13/07/2011 § 7 Comments
A little late on the jump here, but here is our wrap-up of the American Library Association’s annual conference. Of the HackLibSchool team, Annie, Micah and Lauren attended the conference. Believe it or not, this was actually the first time we all met face to face! Aside from conference business, which you will read below, we had a great time talking LIS, hanging out and generally enjoying the whole experience, which you can see above. I’d highly recommend it.
In true hackery fashion, we thought it best to attack the conference wrap-up post by breaking it down to bite-sized chunks. We have compiled here a short list of session reviews, featuring us and some guests. The entire conference was overwhelmingly gigantic, so this post in no way attempts to be comprehensive. We just wanted to give you a snapshot of what you might expect. Also, to be clear, many of us might agree that time spent out and about was often more productive and useful for getting a sense of the field than sitting in on slideshows and freezing rooms. But! It’s all part of the game.
24/05/2011 § 22 Comments
UA School of Library and Information Studies – Tuscaloosa, AL
Disclaimer: I attended the on-campus UA SLIS program from January 2009-May 2011 as a full time student. These opinions are mine, with the exception of anonymous sentiments from fellow students that I have gleaned over time. Any criticism I offer is meant to be constructive – I have LOVED my time at UA SLIS, and truly adore my professors and fellow students. As every student views the program differently, I encourage any UA SLISers out there who agree or disagree with my viewpoints to add to the discussion in the comments.
UA SLIS offers the MLIS degree, MFA in Book Arts, and a PhD in Communication and Information Sciences. The MLIS has 3 forms: on-campus, online cohort, and regional cohort (satellite campus + online and Tuscaloosa classes). The online cohort requires a separate application and completely different timeline, and accepts a set number of people each year (typically people working full time, who take 2 classes a semester for 6 semesters).
29/04/2011 § Leave a Comment
I’m posting this on behalf of our lovely editor, Lauren Dodd, who is in Alabama for her MLS. Earlier today she posted an update on her own blog about the devastation there, and the HLS team wanted to share it here. Lauren is OK (yay!) as are the other folks in UA SLIS (double yay!), but they are asking for help to recover. I copied and pasted her original post below for you to read. A big thanks from Lauren and all the HLS folks for reading and for your help!
I wish I were updating this blog under better circumstances. It has truly been a great semester until now.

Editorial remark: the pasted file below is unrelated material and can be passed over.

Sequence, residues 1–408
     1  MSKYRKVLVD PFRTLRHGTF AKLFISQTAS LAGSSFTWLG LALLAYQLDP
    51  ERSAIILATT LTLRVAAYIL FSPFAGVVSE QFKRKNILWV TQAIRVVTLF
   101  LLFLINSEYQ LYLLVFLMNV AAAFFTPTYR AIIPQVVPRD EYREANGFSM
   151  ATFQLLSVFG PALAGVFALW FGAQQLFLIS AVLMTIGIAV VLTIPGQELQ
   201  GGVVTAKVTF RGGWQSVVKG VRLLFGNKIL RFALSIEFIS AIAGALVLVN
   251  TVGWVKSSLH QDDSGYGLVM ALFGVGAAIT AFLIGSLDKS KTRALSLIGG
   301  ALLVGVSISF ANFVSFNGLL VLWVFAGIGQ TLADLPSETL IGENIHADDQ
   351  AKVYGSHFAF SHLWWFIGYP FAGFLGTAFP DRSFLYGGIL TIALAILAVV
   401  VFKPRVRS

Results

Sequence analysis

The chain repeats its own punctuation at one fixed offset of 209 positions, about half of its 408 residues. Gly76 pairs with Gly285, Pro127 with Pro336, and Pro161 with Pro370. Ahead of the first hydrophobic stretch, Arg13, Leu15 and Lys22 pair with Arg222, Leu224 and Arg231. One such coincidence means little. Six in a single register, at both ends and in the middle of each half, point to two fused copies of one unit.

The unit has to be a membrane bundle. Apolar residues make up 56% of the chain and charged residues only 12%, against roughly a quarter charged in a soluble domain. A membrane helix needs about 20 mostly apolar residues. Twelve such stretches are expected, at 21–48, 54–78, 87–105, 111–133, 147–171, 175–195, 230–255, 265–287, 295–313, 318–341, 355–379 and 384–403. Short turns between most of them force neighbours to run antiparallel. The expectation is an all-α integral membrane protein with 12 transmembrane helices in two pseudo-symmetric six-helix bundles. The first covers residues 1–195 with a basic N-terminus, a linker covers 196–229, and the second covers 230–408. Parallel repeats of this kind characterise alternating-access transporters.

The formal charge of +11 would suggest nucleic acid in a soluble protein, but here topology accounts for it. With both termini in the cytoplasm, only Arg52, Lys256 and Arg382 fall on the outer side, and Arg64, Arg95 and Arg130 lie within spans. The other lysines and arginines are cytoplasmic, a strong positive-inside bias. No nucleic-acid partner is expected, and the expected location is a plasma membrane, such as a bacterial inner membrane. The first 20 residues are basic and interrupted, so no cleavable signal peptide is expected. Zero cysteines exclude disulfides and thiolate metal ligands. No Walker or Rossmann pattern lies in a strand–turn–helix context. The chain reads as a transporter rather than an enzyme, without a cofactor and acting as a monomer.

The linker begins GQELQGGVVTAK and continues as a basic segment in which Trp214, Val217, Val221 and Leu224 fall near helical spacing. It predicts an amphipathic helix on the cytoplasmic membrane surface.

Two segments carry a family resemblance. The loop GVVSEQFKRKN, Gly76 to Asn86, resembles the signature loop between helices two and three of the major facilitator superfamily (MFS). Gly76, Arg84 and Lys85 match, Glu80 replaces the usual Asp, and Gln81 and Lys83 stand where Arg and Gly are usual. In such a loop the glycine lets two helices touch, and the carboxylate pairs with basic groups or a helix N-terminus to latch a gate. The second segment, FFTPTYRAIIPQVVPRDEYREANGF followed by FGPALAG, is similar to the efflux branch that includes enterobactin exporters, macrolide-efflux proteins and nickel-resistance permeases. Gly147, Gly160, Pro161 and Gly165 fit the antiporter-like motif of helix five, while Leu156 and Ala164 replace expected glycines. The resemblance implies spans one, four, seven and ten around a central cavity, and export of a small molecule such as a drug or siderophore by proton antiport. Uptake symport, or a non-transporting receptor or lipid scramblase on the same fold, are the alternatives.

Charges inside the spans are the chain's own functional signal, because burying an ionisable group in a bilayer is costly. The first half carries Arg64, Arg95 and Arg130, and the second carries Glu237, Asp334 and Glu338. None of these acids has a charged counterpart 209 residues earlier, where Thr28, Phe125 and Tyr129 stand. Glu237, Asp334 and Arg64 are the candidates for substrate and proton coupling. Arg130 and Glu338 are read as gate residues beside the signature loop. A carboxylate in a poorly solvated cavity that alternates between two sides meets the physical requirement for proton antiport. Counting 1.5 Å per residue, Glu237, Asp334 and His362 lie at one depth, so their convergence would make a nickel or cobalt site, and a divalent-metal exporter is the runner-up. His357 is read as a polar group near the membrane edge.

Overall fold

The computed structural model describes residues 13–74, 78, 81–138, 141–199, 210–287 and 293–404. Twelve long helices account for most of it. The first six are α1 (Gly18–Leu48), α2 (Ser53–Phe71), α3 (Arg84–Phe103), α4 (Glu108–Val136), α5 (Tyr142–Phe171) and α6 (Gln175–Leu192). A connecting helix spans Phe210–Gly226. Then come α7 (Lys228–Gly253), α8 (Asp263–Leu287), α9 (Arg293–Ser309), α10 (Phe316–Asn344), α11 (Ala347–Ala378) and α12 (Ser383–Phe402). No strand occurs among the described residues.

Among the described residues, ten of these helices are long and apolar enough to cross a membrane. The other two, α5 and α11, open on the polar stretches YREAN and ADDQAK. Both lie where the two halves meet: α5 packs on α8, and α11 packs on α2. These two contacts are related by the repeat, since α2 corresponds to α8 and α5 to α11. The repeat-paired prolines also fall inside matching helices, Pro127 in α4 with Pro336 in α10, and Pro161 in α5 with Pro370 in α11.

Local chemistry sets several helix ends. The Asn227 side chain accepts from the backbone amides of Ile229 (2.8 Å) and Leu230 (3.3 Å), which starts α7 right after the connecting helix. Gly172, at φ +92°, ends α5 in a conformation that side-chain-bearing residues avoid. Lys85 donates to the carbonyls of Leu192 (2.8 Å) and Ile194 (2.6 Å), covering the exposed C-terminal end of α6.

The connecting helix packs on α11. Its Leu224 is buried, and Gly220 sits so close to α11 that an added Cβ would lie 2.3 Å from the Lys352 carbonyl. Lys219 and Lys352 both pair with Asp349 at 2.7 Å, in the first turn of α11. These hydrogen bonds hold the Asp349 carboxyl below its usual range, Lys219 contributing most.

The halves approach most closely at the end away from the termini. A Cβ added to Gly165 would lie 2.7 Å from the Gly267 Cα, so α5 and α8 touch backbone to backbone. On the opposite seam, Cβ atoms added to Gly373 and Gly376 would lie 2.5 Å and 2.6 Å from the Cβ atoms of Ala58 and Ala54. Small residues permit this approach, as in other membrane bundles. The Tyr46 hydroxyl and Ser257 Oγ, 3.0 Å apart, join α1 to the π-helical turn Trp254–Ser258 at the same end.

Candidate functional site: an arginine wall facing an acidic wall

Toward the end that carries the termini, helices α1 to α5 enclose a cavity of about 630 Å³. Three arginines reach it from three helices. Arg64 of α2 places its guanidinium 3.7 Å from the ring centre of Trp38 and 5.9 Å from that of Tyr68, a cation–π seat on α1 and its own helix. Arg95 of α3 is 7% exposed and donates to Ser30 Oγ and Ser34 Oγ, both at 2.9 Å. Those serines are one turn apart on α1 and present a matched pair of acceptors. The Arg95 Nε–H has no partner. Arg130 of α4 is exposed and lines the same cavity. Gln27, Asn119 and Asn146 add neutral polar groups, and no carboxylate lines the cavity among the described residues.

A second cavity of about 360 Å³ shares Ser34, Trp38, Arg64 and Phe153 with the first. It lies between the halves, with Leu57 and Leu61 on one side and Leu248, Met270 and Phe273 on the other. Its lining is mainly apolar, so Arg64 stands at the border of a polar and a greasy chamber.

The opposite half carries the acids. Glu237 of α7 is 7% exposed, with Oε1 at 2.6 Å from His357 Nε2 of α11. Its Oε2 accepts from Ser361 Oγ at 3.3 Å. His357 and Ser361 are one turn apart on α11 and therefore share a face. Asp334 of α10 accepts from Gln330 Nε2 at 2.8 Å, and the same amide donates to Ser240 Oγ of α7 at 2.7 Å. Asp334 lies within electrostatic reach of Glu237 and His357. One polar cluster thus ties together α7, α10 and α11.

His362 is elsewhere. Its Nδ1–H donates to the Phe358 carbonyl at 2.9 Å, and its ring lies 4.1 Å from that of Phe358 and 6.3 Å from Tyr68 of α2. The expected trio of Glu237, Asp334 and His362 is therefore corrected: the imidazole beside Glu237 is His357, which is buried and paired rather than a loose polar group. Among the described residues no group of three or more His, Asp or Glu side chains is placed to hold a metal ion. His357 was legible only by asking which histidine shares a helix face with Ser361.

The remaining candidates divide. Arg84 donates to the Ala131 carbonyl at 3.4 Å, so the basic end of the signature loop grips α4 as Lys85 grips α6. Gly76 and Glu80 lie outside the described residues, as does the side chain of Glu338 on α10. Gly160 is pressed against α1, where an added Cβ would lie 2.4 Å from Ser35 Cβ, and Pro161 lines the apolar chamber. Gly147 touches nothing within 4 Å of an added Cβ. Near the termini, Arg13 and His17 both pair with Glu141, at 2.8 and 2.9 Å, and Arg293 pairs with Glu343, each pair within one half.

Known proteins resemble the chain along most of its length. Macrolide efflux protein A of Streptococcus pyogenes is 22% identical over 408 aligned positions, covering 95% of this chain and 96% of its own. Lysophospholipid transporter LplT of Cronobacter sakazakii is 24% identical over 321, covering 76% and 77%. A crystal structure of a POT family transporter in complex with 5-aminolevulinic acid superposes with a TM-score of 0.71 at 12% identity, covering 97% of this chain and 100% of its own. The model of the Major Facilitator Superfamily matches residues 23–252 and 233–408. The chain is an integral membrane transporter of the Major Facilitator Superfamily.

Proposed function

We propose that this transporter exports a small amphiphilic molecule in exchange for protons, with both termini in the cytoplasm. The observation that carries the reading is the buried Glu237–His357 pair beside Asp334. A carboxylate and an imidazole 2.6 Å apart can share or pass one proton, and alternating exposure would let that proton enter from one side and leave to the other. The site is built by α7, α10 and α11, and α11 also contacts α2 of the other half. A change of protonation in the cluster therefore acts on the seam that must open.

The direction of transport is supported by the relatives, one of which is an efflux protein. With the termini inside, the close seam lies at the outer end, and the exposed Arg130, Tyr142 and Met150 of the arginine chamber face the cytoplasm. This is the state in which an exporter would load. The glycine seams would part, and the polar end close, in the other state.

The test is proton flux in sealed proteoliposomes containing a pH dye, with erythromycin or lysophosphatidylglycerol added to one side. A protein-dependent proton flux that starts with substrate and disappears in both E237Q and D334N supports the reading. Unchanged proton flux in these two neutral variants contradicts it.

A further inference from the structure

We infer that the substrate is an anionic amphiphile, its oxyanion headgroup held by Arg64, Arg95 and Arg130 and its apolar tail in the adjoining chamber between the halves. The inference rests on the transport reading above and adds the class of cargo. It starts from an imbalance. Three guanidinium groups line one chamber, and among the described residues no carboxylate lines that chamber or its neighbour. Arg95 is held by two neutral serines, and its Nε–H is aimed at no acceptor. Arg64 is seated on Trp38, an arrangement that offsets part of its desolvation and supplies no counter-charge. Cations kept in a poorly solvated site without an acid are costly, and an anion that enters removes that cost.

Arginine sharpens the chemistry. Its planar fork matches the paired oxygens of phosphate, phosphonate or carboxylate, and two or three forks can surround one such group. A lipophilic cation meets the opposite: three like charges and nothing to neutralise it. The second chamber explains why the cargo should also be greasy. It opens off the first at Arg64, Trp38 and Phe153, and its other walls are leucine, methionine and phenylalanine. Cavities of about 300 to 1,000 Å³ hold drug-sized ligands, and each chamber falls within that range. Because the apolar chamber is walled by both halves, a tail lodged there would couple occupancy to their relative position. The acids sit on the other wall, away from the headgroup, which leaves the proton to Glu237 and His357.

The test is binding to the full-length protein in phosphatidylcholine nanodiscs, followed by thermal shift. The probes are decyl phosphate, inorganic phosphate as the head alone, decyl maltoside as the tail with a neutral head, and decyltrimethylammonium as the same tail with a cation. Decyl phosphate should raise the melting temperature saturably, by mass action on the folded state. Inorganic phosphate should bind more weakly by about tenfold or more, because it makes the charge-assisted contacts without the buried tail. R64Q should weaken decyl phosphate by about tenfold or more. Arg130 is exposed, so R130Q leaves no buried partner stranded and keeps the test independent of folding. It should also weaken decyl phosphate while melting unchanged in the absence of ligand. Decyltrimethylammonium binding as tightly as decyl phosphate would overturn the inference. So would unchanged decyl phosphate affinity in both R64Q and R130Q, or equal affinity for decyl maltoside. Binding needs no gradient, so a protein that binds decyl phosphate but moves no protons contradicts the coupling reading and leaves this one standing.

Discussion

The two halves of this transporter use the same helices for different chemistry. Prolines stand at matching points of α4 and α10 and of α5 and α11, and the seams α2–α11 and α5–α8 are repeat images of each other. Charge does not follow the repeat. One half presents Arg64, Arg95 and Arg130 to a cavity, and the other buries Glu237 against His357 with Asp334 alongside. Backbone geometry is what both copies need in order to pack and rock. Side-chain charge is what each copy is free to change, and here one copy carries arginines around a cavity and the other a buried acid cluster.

On Wednesday, April 27, the city of Tuscaloosa, Alabama was struck by an EF-5 tornado. Much of the city is demolished. The university where I have finished my MLIS, University of Alabama, was spared, but classes and exams have been cancelled, and graduation ceremony postponed until August. As far as I can tell, everyone I know is safe, but I have many friends, as well as SLIS faculty members, who have lost their apartments or houses. The damage is widespread, and there have been many deaths.
Tuscaloosa was not the only city struck that day — statewide, Alabama has lost over 200 lives. President Obama has declared a state of emergency and is sending federal aid. If you would like to help out with the relief efforts, even just a small donation ($10 or so) would be greatly appreciated. Here are SEVERAL easy ways you can help, whether you are in Alabama or far far away. See also Donate to UA SLIS (a fund for UA SLISers who have suffered damage and loss).
A huge THANK YOU in advance for any assistance you can provide.
11/03/2011 § 20 Comments
When you started library school, did you know exactly what kind of librarian you wanted to be? Or — did you have a general idea, but you were open to other possibilities?
That’s where I was when I started at SLIS. I knew without a doubt that I wanted to be a librarian, but I also figured out pretty quickly that the traditional library job market is more competitive than ever before. I began to lean toward academic librarianship, specifically reference work, and as an English major I assumed my subject specialties would be in the humanities.
However, a combination of library school experiences in my second year – a great Special Libraries professor and mentor, student jobs and internships, and an amazing Science Reference class – have convinced me that not only are my reference skills transferable to many other jobs, but that a variety of subjects and nontraditional jobs can hold my interest. I currently have a paid internship in an academic military library, something I didn’t even know was possible when I started library school.
If you’re not really sure what special libraries are, here is a good starter definition – they are essentially libraries or information centers within corporations, private businesses, government agencies, museums, colleges, hospitals, associations and information management consulting firms (and any other institution you can think of – I have a friend who interned at a paranormal library!).
I can’t sum up an entire course worth of information on special librarianship for you, but I did want to let you know that amazing jobs in nontraditional library settings are out there, and give you a broad overview of my favorite resources.